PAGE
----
In an opening statement at the beginning of the trial counsel for plaintiffs announced that plaintiffs were going to stand directly upon the repudiation or anticipatory breach as alleged, notwithstanding the allegations of performance on their part and refusal of defendant to perform. Upon the offer of proof of repudiation, defendant objected to its admission, the objection being founded on the ground that proof of repudiation is not admissible in a case where the complaint is founded on allegations of full performance. [1] The rule is well understood that a recovery on proof of excuse for nonperformance cannot be had on an allegation of full performance. (Peek v. Steinberg, 163 Cal. 127 [124 P. 834]; Kirk v. Culley, 202 Cal. 501 [261 P. 994].) [2] We find herein, however, that plaintiffs alleged repudiation as well as performance, both of which were put in issue by the answer, and that they elected at the beginning of trial to proceed on the theory of repudiation, thus abandoning the theory of full performance by plaintiffs followed by breach by defendant. Notwithstanding no amendment of the complaint was requested or made, we are satisfied that no error occurred in admitting the evidence relating to repudiation over defendant's objection. It is with the probative effect of such evidence that our chief concern is here aroused.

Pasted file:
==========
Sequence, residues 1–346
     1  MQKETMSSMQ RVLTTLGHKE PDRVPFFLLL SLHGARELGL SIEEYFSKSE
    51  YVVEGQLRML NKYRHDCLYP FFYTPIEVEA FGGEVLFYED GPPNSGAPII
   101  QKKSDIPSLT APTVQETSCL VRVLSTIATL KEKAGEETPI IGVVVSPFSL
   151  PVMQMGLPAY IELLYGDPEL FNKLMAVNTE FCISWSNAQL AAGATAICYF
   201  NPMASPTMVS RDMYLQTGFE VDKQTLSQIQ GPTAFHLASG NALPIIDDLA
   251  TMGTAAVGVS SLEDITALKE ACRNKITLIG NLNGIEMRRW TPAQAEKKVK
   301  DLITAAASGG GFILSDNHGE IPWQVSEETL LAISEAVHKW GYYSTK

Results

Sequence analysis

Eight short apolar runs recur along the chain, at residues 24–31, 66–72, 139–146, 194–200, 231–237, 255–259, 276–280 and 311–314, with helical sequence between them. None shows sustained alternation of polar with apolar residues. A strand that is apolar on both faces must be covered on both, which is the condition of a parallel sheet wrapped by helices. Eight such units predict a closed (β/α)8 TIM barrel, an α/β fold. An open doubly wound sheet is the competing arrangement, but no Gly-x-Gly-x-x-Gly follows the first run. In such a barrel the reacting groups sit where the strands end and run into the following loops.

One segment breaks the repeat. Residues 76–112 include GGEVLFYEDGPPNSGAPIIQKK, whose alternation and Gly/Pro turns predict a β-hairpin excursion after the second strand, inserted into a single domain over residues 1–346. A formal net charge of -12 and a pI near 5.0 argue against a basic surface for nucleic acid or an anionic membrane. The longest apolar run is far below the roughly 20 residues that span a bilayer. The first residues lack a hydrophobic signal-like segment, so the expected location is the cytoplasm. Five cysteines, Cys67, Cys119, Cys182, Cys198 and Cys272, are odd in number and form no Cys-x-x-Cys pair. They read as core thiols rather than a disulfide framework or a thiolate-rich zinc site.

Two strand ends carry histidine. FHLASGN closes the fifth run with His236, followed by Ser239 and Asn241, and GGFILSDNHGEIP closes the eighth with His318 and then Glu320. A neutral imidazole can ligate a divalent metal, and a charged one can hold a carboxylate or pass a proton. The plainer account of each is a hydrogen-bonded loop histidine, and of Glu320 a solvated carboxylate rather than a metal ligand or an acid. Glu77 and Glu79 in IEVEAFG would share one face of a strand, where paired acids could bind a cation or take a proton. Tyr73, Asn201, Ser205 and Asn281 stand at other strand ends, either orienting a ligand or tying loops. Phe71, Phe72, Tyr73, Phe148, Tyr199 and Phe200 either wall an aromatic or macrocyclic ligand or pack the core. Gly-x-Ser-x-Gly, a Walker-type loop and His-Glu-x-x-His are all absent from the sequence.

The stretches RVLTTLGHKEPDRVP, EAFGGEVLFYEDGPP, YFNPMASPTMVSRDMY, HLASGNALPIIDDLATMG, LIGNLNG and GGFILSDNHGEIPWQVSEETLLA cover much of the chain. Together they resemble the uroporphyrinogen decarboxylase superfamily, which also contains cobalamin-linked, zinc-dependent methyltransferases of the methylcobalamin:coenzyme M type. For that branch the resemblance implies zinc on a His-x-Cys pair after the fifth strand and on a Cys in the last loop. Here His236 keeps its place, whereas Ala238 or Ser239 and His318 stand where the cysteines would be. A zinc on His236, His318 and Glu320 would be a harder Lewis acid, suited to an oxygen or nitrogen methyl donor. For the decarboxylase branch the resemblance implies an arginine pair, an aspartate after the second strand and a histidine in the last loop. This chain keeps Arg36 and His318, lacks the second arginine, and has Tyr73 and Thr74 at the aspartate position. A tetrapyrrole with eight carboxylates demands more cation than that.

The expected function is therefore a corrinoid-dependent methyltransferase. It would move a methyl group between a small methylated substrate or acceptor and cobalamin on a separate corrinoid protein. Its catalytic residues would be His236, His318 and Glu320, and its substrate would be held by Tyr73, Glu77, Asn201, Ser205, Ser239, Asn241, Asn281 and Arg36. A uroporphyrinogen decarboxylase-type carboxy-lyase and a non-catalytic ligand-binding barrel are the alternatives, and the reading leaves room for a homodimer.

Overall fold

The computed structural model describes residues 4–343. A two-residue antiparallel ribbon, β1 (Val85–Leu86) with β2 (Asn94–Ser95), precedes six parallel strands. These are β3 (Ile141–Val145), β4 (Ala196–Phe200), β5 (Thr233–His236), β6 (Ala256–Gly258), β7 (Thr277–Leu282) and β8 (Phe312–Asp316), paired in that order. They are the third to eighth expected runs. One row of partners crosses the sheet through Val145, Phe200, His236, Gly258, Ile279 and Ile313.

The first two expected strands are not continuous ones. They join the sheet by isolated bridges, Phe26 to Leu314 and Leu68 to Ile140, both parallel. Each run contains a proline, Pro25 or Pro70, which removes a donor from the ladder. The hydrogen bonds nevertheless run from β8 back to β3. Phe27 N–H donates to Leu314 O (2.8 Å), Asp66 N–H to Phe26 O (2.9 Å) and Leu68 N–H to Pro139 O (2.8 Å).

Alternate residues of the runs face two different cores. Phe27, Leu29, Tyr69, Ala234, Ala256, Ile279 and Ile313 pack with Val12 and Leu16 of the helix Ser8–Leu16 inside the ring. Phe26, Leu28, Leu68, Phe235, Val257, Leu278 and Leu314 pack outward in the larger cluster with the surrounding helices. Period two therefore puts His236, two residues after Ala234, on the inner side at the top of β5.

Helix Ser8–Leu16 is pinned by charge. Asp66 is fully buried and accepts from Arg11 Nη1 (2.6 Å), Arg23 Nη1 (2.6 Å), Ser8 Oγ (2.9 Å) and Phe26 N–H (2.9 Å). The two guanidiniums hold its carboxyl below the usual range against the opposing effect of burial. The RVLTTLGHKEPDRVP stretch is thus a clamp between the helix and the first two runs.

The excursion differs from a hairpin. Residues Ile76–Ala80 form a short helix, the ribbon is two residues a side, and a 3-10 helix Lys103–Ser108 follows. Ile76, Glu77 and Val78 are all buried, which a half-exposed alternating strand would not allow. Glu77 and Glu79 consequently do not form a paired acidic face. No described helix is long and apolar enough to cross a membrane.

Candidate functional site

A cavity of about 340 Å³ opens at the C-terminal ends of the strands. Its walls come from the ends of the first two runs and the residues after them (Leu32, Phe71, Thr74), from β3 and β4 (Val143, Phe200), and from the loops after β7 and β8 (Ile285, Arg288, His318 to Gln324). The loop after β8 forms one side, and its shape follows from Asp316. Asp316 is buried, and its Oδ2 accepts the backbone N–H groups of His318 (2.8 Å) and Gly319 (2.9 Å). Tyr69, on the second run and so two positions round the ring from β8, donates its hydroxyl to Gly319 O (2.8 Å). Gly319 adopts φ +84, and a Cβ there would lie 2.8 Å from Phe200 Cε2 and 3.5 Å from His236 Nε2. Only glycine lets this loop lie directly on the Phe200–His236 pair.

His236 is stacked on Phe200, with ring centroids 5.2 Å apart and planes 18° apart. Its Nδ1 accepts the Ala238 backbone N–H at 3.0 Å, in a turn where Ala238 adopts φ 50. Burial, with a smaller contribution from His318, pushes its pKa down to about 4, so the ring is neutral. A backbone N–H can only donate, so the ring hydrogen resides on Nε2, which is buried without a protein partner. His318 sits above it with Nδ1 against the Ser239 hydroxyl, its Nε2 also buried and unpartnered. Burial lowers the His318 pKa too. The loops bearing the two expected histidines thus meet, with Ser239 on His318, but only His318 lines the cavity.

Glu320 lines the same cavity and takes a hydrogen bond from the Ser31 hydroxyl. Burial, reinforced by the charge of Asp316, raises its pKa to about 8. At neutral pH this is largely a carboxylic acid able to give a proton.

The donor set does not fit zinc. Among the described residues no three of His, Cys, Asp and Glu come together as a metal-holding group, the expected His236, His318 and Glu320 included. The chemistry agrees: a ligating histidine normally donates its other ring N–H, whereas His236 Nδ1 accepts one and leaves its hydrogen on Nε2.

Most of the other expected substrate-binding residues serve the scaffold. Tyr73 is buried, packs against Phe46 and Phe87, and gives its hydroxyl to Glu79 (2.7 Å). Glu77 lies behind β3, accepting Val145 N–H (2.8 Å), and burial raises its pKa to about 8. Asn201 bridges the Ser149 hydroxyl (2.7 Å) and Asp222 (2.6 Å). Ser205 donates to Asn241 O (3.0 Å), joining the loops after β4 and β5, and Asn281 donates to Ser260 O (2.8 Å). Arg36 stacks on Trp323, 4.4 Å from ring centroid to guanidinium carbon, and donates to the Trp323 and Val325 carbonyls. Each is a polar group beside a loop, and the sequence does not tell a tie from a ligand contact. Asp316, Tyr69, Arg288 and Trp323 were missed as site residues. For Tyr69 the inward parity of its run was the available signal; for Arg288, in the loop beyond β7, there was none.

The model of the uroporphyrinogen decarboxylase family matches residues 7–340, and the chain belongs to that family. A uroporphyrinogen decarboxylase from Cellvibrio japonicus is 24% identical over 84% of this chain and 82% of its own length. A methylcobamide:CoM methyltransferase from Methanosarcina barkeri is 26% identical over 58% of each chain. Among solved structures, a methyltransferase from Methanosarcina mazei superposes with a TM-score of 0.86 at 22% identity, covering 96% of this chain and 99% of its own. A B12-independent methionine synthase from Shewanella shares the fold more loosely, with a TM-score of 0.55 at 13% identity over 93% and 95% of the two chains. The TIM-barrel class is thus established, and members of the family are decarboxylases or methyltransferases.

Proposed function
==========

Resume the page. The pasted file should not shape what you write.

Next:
The evidence reveals that the agreement here in question was executed on March 16, 1931. On March 19th, plaintiffs submitted their bid for $44,174.80. On March 23d defendant notified plaintiffs in writing that it withdrew its offer to take the warrant and bonds and declared that the contract of March 16th ''is made void and rescinded'' on account of erroneous information furnished concerning the job. On March 26th the contract was awarded to R. C. Atkinson, instead of to the bidder, Atkinson & Reish, by reason of a mistake in signature on the bid. On April 15th the attorneys for plaintiffs sent a letter to defendant in answer to defendant's letter on March 23d, stating therein that ''our clients will not cancel the contract or execute the release you request in your letter of March 23rd, but on the contrary, will hold you strictly to your admitted obligations, and if you fail to properly perform your contract they will look to you [5 Cal. App. 2d 742] for satisfaction of any loss sustained by them by reason of your contract''. On April 17th an attorney for plaintiffs sent a letter to defendant in substance requesting a definite statement of its intention in respect to performance of the contract. On April 18th defendant replied thereto, inclosing an opinion of attorneys in respect to the validity of the improvement proceedings and stating that in view thereof ''it would be impossible for us to advance any money or purchase any bonds or warrant issued for the cost of this job'', and that ''in any event, under the legal complications involved, we disclaim any liability under said contract''. On April 23d plaintiffs' attorney replied to this letter, stating that ''Mr. Atkinson wishes me to state that he has never at any time, either expressly or otherwise, released the District Bond Company from any obligations under the contract and, furthermore, that he has at all times advised your office that he is ready, willing and able to perform the contract and expects the District Bond Company to perform it also''. On April 30th the city council rescinded the award of March 26th to R. C. Atkinson, and on June 4th readvertised for bids on that work. On June 18th, plaintiffs submitted their bid in the firm name in the sum of $49,009.32, which was accepted and the contract for the work awarded thereon, and on June 20th plaintiffs made an agreement with another finance company to take the warrant and bonds to be issued, and when issued upon this last award, at 83 per cent of par value. On July 6th the city council and plaintiffs executed the contract for the street improvement work on the award of June 18th, and on February 27, 1932, the bonds were issued in payment of the work performed under this contract. The complaint herein was filed on March 16, 1933.